Top 5 venture capital term sheet traps for founders
There may be a crisis in tech right now, but the coffers of the worlds’ VC funds remain bursting with cash.
KPMG reports that around 1,400 VC firms globally raised US $200 billion last year and those funds are going to have to go somewhere. However, the state of the market - with plunging tech stocks dominating the headlines - means deployment is likely going to be slower. Valuations will be far less generous (and harder to justify). And term sheets more likely to have traps for the unwary founder.
Here, Henry Humphreys, founder and managing partner of Humphreys Law, shares his top five traps for founders to keep an eye on.
Anyone who is closing deals right now with a chunky uplift to the valuation is doing well. Pricing privately held and illiquid stocks is always as much of an art as a science and at this moment, founders may find themselves under serious pressure to justify that assumed increase in the face of uncertainty in the wider economy.
Whatever the valuation is, the new money going in is likely to be as a new share class with at least a 1x preferred return. Where the leverage in negotiations has tilted towards the investors from the founder side, expect to see pressure on that 1x to go up, and expect to see more of – the ‘double dip’ variety – preferred participating.
2. So maybe do a bridge round?
If you can’t agree a valuation, then maybe kick the pricing can down the road and structure a convertible bridge round. You might be looking at a chunky discount and/or a low price cap given market uncertainties, but at least you aren’t yet pricing the funds.
Having a cap to the conversion needs to be thought through – is the cap signalling pricing to the new investors for the next round? And, if you don’t have a floor price, then if the next round is a major down round then your easy-going convertible funds are going to operate like a full ratchet.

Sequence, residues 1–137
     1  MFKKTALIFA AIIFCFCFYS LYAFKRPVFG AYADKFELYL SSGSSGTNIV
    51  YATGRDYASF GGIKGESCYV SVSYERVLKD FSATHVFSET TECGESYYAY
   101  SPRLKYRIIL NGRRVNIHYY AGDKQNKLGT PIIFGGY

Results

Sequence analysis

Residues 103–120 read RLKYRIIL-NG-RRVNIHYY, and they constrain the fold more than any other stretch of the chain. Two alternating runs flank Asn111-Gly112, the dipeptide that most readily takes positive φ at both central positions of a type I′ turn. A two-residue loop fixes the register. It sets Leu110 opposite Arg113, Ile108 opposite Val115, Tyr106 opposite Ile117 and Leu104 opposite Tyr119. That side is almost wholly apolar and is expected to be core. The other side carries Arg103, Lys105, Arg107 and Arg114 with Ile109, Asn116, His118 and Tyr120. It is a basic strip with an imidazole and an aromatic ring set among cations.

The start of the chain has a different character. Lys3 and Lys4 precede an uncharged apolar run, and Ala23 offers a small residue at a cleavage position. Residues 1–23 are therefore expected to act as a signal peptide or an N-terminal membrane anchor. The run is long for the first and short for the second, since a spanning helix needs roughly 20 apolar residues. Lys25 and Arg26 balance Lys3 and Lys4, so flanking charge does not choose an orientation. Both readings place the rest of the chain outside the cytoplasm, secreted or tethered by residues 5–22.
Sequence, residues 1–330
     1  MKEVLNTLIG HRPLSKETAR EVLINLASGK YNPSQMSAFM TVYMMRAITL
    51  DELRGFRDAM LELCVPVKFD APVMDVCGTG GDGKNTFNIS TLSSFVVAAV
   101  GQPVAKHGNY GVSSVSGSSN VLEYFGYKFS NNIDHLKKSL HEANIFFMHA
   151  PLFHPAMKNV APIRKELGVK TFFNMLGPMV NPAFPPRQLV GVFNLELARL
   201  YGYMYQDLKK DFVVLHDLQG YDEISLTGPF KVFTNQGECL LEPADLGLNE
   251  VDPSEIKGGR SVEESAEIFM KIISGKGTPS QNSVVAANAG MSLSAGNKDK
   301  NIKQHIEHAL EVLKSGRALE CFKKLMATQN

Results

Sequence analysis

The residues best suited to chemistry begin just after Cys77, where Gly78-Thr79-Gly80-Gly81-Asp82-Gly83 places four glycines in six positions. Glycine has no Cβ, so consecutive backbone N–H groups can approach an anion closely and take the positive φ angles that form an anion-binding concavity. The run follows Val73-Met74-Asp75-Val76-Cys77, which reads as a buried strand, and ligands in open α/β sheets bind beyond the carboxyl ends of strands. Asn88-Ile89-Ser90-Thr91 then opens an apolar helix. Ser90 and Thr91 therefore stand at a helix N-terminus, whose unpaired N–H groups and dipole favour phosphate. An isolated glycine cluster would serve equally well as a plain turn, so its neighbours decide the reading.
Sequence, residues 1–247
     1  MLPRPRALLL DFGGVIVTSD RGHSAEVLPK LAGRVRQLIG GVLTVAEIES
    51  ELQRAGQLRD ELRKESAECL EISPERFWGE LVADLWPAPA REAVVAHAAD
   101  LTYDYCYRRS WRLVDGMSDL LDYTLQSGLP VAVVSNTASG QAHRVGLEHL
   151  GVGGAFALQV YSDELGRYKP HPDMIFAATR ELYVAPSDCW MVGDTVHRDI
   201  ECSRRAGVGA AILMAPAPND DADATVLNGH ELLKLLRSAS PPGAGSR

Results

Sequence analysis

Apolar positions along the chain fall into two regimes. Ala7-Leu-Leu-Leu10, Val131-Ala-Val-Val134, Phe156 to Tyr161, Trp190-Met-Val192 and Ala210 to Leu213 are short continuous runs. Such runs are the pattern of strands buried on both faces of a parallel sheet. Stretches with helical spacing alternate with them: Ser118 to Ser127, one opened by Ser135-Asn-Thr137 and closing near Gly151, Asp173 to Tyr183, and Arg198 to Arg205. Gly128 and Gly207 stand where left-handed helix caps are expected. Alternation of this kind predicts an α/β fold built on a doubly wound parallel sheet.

Be careful too since raising the next round at a flat valuation will trigger the loans converting at a discount, which in turn may trigger the anti-dilution rights from the prior round and unpleasantness for founders and existing shareholders.
A bridge usually only works if it’s a bridge to somewhere – if there is real uncertainty as to the prospects of raising that next round then the bridge may well collapse, or it won’t get built in the first place.
3. How are those returns at exit looking?
You may already have anti-dilution provisions in the articles or you may be asked to include them on this round. Investors being asked to pay high valuations for high-risk bets have unsurprisingly sought to back off the risk by including machinery in the investment documents to re-base their investment if the investee company later raises funds at a lower price. The only way to fully communicate how that might happen is to model it out in Excel – the algebra is intense and differs depending on the type of ratchet.
If you are going to the trouble of building a model, you may as well line it up against prospective returns on a trade sale, or a scaling back to wait for winter’s end, or even a winding up.
If there just isn’t going to be enough equity on the table to keep management incentivised, then growth shares or other forms of management incentive schemes can be looked at. If you are at series B + stage then these discussions are important, not least because the founders will likely have lost control of the board. As such, they may be unable to block an exit where the drag along mechanic is used to force a sale at a time that is not of their choosing.
4. Focus on leaver provisions
With more leverage in negotiations, expect to see investors asking for more robust leaver and vesting provisions – in recent years, the West-Coast-US-influenced super-light-touch leaver provisions have been all the rage as VCs have chased after the hottest companies.
You will now see more thought given to leaver scenarios and vesting periods lengthening. If the rule of thumb is that vesting is the flip side to the hockey stick valuation chart, then if valuations are going to stay flat for a while at best, then presumably vesting periods will extend out accordingly.
Closing out a round at a flat valuation or a down round – and with chunky layers added to the top of the preference stack – may well put the ordinary shareholders and the employee option holders under water for all but a really significant exit. If they have been hanging on and taking a below market salary because of those options, then be careful that closing the round does not trigger an exodus of the talent.
5. Signing up for warranties personally
In recent years, so too has the ubiquitous 1x salary personal liability under the warranties been regularly dis-applied for the best companies. The VC textbook says that they don’t want to spend significant costs on PE-style due diligence, so they need the founder’s ‘feet to the fire’ when populating the disclosure letter.
Claims against founders under the warranties are rare, but – again – with more leverage in negotiations, investors will have more scope to insist that the founders are on the hook and perhaps further insist that liability is on a joint and several basis.
For more information, visit Humphreys Law.